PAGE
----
SPAB Fellows: Becoming a millwright

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Traditional millwrighting has been practiced in the UK for over 700 years. Today millwrighting is a critically endangered craft and so for the first time, we are recruiting for millwright applicant on our crafts Fellowship for 2020.

We asked 2009 SPAB Fellow Karl Grevatt to share his experience of this unique training scheme, and of moving from carpentry into millwrighting.


To be honest when I applied for the William Morris Craft Fellowship I had no idea what effect it would have on me or my career.I started my working life in building conservation as a labourer, gradually working my way up through the ranks; studying carpentry along the way but I was pretty multi skilled. I had a vague interest in mills and was keen to learn more after I briefly worked on repairs to Brill Windmill. I was fascinated by the structure and wanted to understand how best to repair a working building with a conservation approach.  I thought the Fellowship might help fill in those blanks and being a multi skilled craftsman I felt I did have lots of gaps in my knowledge!

Unfortunately the SPAB wasn’t running a millwright Fellow the year I applied but I thought I could steer my final block towards mills and millwrighting, so it was as good a time as any to have a go, so I did. I felt very lucky and quite privileged to be selected to be a 2009 SPAB Fellow, which was the start of a steep learning curve and the most enriching experience I could have asked for.
On the Fellowship you get the chance to learn, observe, work with and question experts in many traditional crafts. I tried my hand at skills I had always wanted to try and developed a network of experts and knowledge across the UK which is still serving me well today.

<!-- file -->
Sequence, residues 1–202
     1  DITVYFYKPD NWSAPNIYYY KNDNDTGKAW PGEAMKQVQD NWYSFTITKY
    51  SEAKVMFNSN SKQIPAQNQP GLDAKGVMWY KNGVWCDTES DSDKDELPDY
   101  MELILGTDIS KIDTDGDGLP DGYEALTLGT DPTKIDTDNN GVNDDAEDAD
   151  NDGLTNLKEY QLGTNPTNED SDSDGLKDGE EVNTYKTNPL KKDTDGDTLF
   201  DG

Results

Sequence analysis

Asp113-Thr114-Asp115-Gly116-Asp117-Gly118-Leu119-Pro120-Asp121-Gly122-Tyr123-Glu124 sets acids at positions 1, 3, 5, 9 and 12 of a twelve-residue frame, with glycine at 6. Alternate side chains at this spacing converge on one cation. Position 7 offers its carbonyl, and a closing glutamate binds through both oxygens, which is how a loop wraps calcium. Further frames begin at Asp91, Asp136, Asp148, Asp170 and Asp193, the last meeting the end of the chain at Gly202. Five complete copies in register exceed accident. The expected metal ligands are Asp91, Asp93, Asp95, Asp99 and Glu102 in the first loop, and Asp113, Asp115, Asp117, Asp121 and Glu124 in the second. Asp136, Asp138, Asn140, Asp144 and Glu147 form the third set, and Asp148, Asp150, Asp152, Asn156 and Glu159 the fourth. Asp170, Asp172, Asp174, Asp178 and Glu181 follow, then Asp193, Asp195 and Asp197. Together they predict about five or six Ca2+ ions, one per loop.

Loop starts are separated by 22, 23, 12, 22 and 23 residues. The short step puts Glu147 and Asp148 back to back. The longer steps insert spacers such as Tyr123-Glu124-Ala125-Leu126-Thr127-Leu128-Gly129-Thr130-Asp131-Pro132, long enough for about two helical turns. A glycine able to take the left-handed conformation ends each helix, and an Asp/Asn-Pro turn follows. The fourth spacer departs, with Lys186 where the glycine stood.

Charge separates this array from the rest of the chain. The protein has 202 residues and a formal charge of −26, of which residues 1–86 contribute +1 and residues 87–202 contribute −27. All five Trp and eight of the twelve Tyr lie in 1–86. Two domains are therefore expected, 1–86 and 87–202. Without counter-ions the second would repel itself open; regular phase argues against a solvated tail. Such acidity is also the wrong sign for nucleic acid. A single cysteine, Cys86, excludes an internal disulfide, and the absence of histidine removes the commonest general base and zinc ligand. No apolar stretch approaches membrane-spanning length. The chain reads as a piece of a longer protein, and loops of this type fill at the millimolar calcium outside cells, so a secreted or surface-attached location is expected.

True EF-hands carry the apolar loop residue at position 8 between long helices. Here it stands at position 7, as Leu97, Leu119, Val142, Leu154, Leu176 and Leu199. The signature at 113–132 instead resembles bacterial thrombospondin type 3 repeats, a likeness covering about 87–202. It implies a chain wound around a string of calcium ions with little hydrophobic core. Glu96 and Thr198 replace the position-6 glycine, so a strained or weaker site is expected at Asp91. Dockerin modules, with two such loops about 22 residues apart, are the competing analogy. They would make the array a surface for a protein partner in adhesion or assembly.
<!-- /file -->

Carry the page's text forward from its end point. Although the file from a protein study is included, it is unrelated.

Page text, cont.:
During my final block I focussed my time at mills and millwrighting. I met some extraordinary people who were more than just experts, in fact, some of the most inspirational and passionate people I had ever met. To me mills seemed more important somehow than other types of building, and deserved to be treated with respect and kindness. One thing I learned is that mills get under your skin - they are very much alive and speak to you. They tell you if they are happy, unhappy and you learn to work in harmony with them.

One mill I visited on the Fellowship was Charlecote Mill in Warwickshire. Little did I know that two years after the Fellowship I would become its new miller. The theory was that I had the skills and contacts to look after the mill, but the milling I had to learn from scratch and that was all down to the teachings of the previous miller John Bedington.

Seven years on and I’m still loving my new career as miller. I still get to use my traditional building and carpentry skills to maintain and look after it in the way the building deserves. It’s hard work but also very rewarding as I’m not only producing artisan food but also helping to preserve the knowledge that has been passed down through generations of millers and millwrights. Working mills are now few and far between, so it’s more important than ever to help look after them, to keep them milling and pass them and our skills onto the next generation.

Without trying to sound too dramatic the SPAB Fellowship really did change my life and its direction completely. I went from being a multi skilled tradesman to a miller within three years. I’m privileged to be part of community of experts and enthusiasts trying to preserve the UK’s milling heritage. Our historic mills are in a delicate position due to a shortage of skilled tradespersons with the knowledge to repair and maintain traditional mills.


We are now inviting applications for our 2020 Fellowship. We are particularly looking for applicants interested or already working with mills of any type.  Read more about the scheme and please contact us if you have any queries about your application via

Help us to inspire and train the next generation of craftspeople and make a donation to support our work

To find out more about Karl's business and Charlcote Mill, please visit his website

Images credit: Shashika Poopalasingham.

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